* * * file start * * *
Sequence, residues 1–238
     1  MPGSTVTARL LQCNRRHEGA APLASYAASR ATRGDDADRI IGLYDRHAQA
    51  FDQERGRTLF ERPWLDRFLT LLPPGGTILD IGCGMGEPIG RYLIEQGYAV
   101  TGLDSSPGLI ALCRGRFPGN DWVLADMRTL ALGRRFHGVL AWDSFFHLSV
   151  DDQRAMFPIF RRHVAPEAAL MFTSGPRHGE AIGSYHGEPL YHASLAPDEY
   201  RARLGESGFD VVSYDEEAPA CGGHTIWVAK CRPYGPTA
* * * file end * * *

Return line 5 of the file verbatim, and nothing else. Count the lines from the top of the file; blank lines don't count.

   151  DDQRAMFPIF RRHVAPEAAL MFTSGPRHGE AIGSYHGEPL YHASLAPDEY